https://www.drytortugas.com/national-park-history

Saturday, August 6, 2016

Mt. Rainier National Park and Seattle

Mt. Rainier National Park

For my birthday (in the fall), I wanted to visit a national park. I figured one of the ones near Seattle (Mt. Rainier, Cascades, or Olympic) would be good for a weekend due to the ease of direct flights to and from Seattle. Originally, I was leaning toward Cascades National Park, but then realized that Cascades National Park is gigantic and would require a long weekend to see in its entirety. Thus, we landed on Mt. Rainier National Park, an easy hour and 45 minute drive from Seattle.

We landed in Seattle late Friday night and checked into the Hotel Monaco, one of my fave hotels (and not only because it's dog friendly).

The gold fish in our room at Hotel Monaco
Saturday morning (my birthday) began with us renting a car and driving to Cascades National Park. We started off at the Longmire Visitor's Center where we did two short hikes - Trail of the Shadows and Twin Firs Loop Trail. (Neither were "must sees.") We did not anticipate how much colder and foggier the park would be than Seattle so we ended up having to buy sweatshirts at the visitor's center - dress in layers if you go to the park!



After lunch at the Paradise visitor's center. (Tourist tip - the food at the visitor's center was not very good; we should have eaten outside of the park.) We spent the afternoon hiking the Nisqually Vista Trail and Morraine Trail to see the glacier. Although we only spent the afternoon in the park, we felt as though we got to see what we wanted in the park and did not feel rushed.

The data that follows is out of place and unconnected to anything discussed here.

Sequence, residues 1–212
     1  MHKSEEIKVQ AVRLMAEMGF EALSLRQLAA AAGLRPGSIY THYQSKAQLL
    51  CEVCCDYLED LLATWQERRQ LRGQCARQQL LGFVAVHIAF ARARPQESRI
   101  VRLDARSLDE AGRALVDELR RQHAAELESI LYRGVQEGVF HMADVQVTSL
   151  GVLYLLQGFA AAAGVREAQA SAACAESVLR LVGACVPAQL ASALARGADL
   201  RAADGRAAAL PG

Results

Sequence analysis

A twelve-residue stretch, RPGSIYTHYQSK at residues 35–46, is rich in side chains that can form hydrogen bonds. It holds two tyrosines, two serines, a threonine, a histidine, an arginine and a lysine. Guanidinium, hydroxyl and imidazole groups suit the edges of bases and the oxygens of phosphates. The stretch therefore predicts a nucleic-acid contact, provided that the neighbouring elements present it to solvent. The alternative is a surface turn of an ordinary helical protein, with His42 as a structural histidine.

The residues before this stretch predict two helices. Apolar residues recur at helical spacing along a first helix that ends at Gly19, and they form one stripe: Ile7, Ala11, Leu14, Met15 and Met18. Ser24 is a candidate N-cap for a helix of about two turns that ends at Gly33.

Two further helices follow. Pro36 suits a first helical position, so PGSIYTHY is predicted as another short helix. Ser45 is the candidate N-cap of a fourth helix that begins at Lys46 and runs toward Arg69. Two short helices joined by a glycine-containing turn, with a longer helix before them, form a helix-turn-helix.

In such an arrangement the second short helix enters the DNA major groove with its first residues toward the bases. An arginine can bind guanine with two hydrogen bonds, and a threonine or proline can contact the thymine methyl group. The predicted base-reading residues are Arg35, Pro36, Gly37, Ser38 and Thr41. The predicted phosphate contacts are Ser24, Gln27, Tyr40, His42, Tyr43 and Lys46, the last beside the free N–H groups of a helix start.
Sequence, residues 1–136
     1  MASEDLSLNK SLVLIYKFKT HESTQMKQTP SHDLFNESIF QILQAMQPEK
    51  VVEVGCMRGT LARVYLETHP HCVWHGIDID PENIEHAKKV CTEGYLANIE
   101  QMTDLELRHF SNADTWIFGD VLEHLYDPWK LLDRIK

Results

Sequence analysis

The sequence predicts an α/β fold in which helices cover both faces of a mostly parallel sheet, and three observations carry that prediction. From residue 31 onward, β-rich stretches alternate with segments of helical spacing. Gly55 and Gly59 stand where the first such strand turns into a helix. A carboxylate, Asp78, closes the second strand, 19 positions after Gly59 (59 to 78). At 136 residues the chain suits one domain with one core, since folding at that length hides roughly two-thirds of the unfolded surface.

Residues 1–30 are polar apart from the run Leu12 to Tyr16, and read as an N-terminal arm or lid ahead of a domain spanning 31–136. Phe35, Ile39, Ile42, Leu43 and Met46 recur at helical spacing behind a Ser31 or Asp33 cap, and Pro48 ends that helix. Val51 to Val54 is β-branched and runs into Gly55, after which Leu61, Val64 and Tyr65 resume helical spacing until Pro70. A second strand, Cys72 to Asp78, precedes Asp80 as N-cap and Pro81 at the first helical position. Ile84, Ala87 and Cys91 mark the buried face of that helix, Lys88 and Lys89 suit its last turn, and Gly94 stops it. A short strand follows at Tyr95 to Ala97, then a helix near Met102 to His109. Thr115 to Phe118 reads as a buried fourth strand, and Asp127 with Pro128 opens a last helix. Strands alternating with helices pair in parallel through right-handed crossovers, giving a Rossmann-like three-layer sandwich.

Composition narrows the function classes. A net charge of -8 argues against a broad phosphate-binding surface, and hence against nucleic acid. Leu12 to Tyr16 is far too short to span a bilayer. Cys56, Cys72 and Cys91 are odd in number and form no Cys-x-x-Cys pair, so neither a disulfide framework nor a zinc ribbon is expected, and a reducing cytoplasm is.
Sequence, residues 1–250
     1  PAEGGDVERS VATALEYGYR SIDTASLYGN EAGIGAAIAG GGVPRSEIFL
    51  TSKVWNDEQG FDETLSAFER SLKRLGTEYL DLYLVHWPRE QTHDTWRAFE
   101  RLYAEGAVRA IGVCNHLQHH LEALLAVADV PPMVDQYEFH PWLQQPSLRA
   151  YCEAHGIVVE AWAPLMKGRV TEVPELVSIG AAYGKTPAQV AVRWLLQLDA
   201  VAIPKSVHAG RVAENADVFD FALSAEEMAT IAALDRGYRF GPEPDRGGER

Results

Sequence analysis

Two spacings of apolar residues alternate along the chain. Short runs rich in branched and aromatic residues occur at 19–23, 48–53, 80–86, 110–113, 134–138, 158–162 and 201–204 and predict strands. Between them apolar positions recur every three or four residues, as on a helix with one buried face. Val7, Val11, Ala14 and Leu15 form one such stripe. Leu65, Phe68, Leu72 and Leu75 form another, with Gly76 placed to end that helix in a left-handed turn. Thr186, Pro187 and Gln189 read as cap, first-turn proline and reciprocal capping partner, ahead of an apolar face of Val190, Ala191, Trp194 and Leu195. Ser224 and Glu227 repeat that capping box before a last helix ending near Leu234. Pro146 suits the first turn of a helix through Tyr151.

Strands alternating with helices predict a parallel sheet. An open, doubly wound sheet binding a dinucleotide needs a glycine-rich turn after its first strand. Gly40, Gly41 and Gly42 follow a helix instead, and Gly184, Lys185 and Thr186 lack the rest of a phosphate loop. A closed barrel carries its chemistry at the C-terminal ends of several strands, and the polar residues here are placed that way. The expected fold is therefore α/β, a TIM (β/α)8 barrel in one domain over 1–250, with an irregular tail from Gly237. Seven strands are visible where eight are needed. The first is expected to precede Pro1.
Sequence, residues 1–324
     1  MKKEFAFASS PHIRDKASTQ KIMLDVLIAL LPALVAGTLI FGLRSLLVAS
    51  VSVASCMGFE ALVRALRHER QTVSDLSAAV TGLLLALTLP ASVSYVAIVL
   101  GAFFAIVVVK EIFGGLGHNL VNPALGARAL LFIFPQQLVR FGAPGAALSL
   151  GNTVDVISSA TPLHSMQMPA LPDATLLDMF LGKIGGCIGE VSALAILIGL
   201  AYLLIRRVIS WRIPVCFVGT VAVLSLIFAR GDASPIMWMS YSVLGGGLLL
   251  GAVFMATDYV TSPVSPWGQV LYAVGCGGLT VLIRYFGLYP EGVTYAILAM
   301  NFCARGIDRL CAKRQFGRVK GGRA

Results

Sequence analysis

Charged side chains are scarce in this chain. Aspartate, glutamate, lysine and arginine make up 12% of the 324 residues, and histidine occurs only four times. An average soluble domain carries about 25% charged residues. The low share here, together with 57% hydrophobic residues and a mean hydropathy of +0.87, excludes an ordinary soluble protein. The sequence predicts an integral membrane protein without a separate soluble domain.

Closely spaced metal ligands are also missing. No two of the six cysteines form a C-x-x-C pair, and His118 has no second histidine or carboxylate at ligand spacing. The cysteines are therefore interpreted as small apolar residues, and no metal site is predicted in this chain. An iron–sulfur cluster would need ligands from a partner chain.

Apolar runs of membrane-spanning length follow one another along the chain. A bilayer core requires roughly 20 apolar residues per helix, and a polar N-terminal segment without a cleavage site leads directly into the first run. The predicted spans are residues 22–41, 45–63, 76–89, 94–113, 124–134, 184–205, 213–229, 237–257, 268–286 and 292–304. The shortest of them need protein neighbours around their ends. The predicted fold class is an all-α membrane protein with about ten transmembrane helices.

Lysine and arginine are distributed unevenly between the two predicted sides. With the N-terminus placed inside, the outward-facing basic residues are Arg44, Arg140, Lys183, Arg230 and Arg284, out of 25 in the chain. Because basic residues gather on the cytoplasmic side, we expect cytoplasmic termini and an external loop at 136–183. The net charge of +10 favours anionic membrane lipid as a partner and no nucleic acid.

We returned to Seattle that evening, enjoyed dinner, and spent the next day exploring Pike's Place market, the glass blowing museum, the first Starbucks, and the city in general. (Note - one of the best tourist sites in Seattle is the underground tour, something I did on a prior trip. Another good thing to do is the gold rush national park site.)

Space Needle Reflecting In A Glass Museum Sculpture 
Glass Museum
Glass Museum


Glass Museum

Glass Museum

Deja at the first Starbucks


All in all a great trip - easy to do on a weekend. Perhaps I'll spend my birthday this year at Cascades or Olympic national parks.

Sunday, June 5, 2016

Utah: Capitol Reef National Park

I spent Memorial Day 2016 in Capitol Reef National Park, in Torrey, Utah (listed by The Weather Channel as Utah's best kept secret). The best way to get there is to fly to Salt Lake City and then drive the approximate three hours south to Capitol Reef National Park. (Check out my prior post for touring ideas in Salt Lake City, but with two added recommendations - Mexican food dinner at Red Iguana and staying at Little America or Grand America - don't get a garden room at Little America though - be sure to get a tower room.)

We grabbed lunch on the way to Capitol Reef National Park (note that after you hit the Flying J rest stop, there aren't many dining options) and checked into our hotel, the Capitol Reef Resort, upon arrival. The hotel doesn't look like much from the outside, but it was a great place to stay. It's the closest hotel to the park (well, tied with the hotel across the street from it), with nicely appointed rooms with wonderful views, a pool, a hot tub - and fun teepees and covered wagons in which you can stay if you don't like the regular room option. The hotel also has fire pits and horseback riding on premises. The only thing that wasn't great about the hotel was the restaurant (mediocre at best).

Horseback Riding at Capitol Reef Resort


Covered Wagons at Capitol Reef Resort